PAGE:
Difference between revisions of "Facebook"

From FYSE 1396: Digital Media Literacy
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Ever since a group of MIT students wrote a program that downloaded the Facebook profiles of 70,000 users from [http://en.wikipedia.org/wiki/Massachusetts_Institute_of_Technology MIT], [http://en.wikipedia.org/wiki/New_York_University NYU], [http://en.wikipedia.org/wiki/University_of_Oklahoma University of Oklahoma], and [http://en.wikipedia.org/wiki/Harvard_University Harvard University] as part of a study on privacy on Facebook in 2005, Facebook's privacy policies have been under constant scrutiny. <ref> Jones, Harvey, & Soltren, José Hiram (2005). Facebook: Threats to Privacy. Cambridge, MA: MIT (MIT 6.805/STS085: Ethics and Law on the Electronic Frontier - Fall 2005). (PDF)</ref> Although Facebook's business model relies on using its user's data to sell appropriate advertisements, concerns have risen over some of Facebook's more intrusive policies. For example, in 2011, Facebook enabled a facial recognition feature dubbed "Tag Suggestions" which gave users suggestions as to which of their friends were in recently uploaded pictures. Although privacy concerns were brought up over this feature, Facebook defended its new 'Big Brotheresque' piece of tech by pointing out that it could be disabled.<ref> Parr, Ben. "Facebook Brings Facial Recognition to Photo Tagging." CNN. Cable News Network, 16 Dec. 2010. Web. 05 Dec. 2013.</ref> Furthermore, through a user's [http://en.wikipedia.org/wiki/HTTP_cookie cookies], Facebook is able to see and aggregate the user's web history for the past 90 days. <ref>Acohido, Byron. "USA TODAY." USATODAY.COM. N.p., 16 Nov. 2011. Web. 06 Dec. 2013.</ref>This means, that if someone accesses a Facebook page, Facebook is then able to see what they do after they leave and for how long they do it. <ref>Acohido, Byron. "USA TODAY." USATODAY.COM. N.p., 16 Nov. 2011. Web. 06 Dec. 2013.</ref>Although this does help Facebook learn how to better advertise to its users, the method and scope extends far beyond the users initial motivation in creating a Facebook account.
 
Ever since a group of MIT students wrote a program that downloaded the Facebook profiles of 70,000 users from [http://en.wikipedia.org/wiki/Massachusetts_Institute_of_Technology MIT], [http://en.wikipedia.org/wiki/New_York_University NYU], [http://en.wikipedia.org/wiki/University_of_Oklahoma University of Oklahoma], and [http://en.wikipedia.org/wiki/Harvard_University Harvard University] as part of a study on privacy on Facebook in 2005, Facebook's privacy policies have been under constant scrutiny. <ref> Jones, Harvey, & Soltren, José Hiram (2005). Facebook: Threats to Privacy. Cambridge, MA: MIT (MIT 6.805/STS085: Ethics and Law on the Electronic Frontier - Fall 2005). (PDF)</ref> Although Facebook's business model relies on using its user's data to sell appropriate advertisements, concerns have risen over some of Facebook's more intrusive policies. For example, in 2011, Facebook enabled a facial recognition feature dubbed "Tag Suggestions" which gave users suggestions as to which of their friends were in recently uploaded pictures. Although privacy concerns were brought up over this feature, Facebook defended its new 'Big Brotheresque' piece of tech by pointing out that it could be disabled.<ref> Parr, Ben. "Facebook Brings Facial Recognition to Photo Tagging." CNN. Cable News Network, 16 Dec. 2010. Web. 05 Dec. 2013.</ref> Furthermore, through a user's [http://en.wikipedia.org/wiki/HTTP_cookie cookies], Facebook is able to see and aggregate the user's web history for the past 90 days. <ref>Acohido, Byron. "USA TODAY." USATODAY.COM. N.p., 16 Nov. 2011. Web. 06 Dec. 2013.</ref>This means, that if someone accesses a Facebook page, Facebook is then able to see what they do after they leave and for how long they do it. <ref>Acohido, Byron. "USA TODAY." USATODAY.COM. N.p., 16 Nov. 2011. Web. 06 Dec. 2013.</ref>Although this does help Facebook learn how to better advertise to its users, the method and scope extends far beyond the users initial motivation in creating a Facebook account.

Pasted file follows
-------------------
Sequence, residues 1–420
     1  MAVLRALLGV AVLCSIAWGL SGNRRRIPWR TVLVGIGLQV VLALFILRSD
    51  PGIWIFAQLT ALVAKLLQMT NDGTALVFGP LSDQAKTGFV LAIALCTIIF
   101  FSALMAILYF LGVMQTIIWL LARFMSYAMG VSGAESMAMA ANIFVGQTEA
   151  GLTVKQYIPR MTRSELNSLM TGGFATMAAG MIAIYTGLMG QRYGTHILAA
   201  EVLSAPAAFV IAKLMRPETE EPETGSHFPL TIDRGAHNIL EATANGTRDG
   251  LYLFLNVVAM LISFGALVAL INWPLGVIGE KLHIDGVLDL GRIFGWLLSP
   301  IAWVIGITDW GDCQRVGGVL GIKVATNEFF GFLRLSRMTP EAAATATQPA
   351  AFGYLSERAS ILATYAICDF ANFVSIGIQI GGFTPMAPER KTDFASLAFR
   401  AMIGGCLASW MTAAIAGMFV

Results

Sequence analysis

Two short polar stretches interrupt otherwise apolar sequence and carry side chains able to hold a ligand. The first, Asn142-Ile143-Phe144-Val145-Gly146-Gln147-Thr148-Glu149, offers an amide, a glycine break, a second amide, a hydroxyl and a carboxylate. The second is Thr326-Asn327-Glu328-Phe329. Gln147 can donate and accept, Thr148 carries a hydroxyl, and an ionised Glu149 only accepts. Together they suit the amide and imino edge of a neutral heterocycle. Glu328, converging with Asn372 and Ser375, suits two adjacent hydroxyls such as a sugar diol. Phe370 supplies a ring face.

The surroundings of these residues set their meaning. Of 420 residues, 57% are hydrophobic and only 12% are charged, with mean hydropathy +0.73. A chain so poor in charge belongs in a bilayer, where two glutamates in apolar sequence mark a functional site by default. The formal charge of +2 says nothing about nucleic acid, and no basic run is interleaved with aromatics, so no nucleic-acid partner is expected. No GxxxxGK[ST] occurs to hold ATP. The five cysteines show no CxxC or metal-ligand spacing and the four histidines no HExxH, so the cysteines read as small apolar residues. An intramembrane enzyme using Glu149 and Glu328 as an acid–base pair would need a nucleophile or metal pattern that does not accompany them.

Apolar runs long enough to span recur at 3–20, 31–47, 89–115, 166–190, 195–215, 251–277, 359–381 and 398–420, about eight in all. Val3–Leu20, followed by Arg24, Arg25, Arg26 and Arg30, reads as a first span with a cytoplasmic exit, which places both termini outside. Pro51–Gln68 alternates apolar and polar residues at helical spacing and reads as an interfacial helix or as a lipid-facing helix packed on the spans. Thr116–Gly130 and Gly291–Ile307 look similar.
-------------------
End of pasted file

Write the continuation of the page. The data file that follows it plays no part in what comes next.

In the summer of 2013, Facebook released a report detailing how much information they share with governments. Overall Facebook received 26,000 separate requests for information on nearly 39,000 profiles from 72 different countries.<ref>Boehm, Eric. "Dislike: Facebook Admits to Sharing Personal Information with Governments 26,000 times in the First Six Months of 2013 « Watchdog.org." Watchdogorg RSS. N.p., 27 Aug. 2013. Web. 06 Dec. 2013.</ref>. Although Facebook claims that government must meet a "very high legal bar [...] in order to receive any information about any of [their] users,' the jury is still out on how much Facebook actually protects the data of its users.<ref>"Global Government Requests Report." Welcome to Facebook. N.p., n.d. Web. 06 Dec. 2013.</ref>